We get information from the field about what’s really brewing, what’s important and what’s current.
Rafiullah is quick to point out that the relationship is mutually beneficial. “We get information from the field about what’s really brewing, what’s important and what’s current. We’ve also learned some important considerations in developing and managing evidence-based programs, which is the standard of many foundations and trusts.”
A Call to Action
During the second meeting, attendees focused on creating meaningful changes through action. Participants discussed issues and trends in rural healthcare and, at the meeting’s conclusion, agreed to an idea that would have FORHP and interested foundations and trusts working together to focus on an agreed upon aspect of rural health.
Specifically, the group chose to align efforts around three major causes of morbidity and mortality in rural America – diabetes, heart disease, and Chronic Obstructive Pulmonary Disease (COPD). A number of foundations expressed interest in participating in the organized collaborative and, after a round of phone calls, ten foundations decided to work together to see if they could move the dial over the next two years.
The Rural Health Care Coordination Network Partnership Program was the resulting funding opportunity. Released in February 2015, the program supports the development of formal rural health networks that focus on care coordination activities for the three chronic diseases.
“Very often the programs and funding opportunities available at the federal level are based on numbers and geared toward urban areas where you have to have a mass, so it’s always been a struggle for rural organizations to get enough support to do projects such as this,” said Cynthia Drennan, Executive Director of Sister’s Health Foundation.
Drennan said one of the trickier parts of the partnership was agreeing on priority areas that would work for multiple foundations and the federal government. Through joint phone calls and a voting process, the parties worked together to narrow down which health conditions would be of focus and decided to tie activities and funding to a care coordination aspect.
Foundations then had to determine how they would be involved. A number of options were given: provide supplemental funding to applicants who didn’t receive funding from FORHP, release a parallel funding opportunity with similar program specifications, or provide technical assistance to grantees who were located in corresponding geographic locations.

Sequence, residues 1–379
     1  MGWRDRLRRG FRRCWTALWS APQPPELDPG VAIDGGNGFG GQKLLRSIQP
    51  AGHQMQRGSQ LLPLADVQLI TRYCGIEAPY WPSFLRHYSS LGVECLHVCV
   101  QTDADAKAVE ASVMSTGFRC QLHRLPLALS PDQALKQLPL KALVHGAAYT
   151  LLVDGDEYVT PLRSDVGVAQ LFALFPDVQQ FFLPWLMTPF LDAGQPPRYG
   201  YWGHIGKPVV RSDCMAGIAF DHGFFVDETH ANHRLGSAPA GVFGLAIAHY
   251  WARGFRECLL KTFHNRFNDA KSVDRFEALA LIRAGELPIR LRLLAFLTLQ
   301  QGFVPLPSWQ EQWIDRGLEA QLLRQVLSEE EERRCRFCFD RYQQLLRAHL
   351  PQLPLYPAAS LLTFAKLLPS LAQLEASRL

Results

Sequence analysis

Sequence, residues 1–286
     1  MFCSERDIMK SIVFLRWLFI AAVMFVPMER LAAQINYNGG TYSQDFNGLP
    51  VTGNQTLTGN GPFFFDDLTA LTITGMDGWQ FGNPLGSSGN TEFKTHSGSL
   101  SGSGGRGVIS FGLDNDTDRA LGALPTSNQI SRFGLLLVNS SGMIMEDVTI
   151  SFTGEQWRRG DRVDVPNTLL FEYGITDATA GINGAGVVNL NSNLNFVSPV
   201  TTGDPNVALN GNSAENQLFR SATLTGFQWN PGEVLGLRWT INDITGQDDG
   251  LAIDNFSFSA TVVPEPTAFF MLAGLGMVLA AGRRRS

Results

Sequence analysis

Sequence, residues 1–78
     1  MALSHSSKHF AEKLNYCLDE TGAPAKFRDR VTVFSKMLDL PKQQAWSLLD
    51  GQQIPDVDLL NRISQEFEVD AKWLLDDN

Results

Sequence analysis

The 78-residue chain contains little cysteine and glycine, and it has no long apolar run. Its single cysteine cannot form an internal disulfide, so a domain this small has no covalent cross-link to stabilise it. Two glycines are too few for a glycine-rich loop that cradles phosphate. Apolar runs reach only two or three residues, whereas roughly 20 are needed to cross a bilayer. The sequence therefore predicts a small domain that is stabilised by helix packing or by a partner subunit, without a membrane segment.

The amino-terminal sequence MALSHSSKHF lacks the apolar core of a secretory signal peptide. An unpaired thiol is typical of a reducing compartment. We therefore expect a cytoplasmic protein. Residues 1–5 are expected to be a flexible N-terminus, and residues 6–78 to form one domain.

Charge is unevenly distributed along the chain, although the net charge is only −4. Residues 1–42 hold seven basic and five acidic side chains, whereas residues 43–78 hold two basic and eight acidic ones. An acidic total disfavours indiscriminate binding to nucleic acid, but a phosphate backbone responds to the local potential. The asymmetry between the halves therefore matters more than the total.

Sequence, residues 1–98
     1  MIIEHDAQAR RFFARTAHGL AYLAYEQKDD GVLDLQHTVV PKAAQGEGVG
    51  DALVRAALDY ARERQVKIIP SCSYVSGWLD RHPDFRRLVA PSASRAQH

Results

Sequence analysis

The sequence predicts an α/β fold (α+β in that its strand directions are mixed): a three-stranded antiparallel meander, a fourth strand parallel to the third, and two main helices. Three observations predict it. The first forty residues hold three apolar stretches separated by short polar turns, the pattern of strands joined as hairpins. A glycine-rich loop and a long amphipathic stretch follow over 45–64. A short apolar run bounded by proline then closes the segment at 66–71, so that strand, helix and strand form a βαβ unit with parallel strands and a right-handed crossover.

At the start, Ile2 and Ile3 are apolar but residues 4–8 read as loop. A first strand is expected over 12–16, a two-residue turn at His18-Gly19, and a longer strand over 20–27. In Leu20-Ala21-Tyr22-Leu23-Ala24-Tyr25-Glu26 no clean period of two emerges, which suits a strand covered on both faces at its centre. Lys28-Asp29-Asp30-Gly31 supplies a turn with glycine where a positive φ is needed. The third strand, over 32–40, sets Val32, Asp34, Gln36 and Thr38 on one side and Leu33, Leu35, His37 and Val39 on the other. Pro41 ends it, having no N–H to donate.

We’re really just at the beginning of the process and we have quite a ways to go. There are a lot of unknowns and it will be exciting to see what happens. The projects have the potential to make a real impact in our area.
After the funding priorities and evidence-based metrics were determined, FORHP released the request for proposals for the Care Coordination program. Grant applicants who were located in geographic regions where participating foundations work could also choose to submit their applications directly to those funders.
“We’re really just at the beginning of the process and we have quite a ways to go,” said Drennan. “There are a lot of unknowns and it will be exciting to see what happens. The projects have the potential to make a real impact in our area.”
At the third annual meeting in May, participants discussed some of the greatest unmet health needs in rural areas. After deciding on key issues, attendees broke out into small groups and brainstormed about how the Collaboration could work to make a change related the selected priority areas.
On the last day of the meeting, participants convened and each group had the chance to make a case for why their priority area should be chosen as the next area of collaboration. After a voting process, it was determined to pursue the topic of health equity through cross-sector leadership development.
Moving forward, conversations will begin to unfold surrounding the development of rural leaders who will work to address the social determinants of health: prevention, transportation, economic development, education, early childhood development, and access to care.
“It’s great that this topic came out of their conversations,” said Rafiullah. “Now we can work on what we can do together.”
Commitment from foundations and federal agencies will play a key role in addressing health equity through leadership, and other national organizations are also committed to helping the cause.
GIH will work to raise the visibility of rural health grant making opportunities and promote informal conversations in order to keep the momentum going. Additionally, NRHA will be working to prioritize health equity and will engage private funders in discussions of recruitment, policy development, and rural health improvement in their annual leadership conference.
With broad-based support and a unique set of partners, the Rural Health Philanthropy group will continue to work toward promoting access to quality healthcare in rural areas.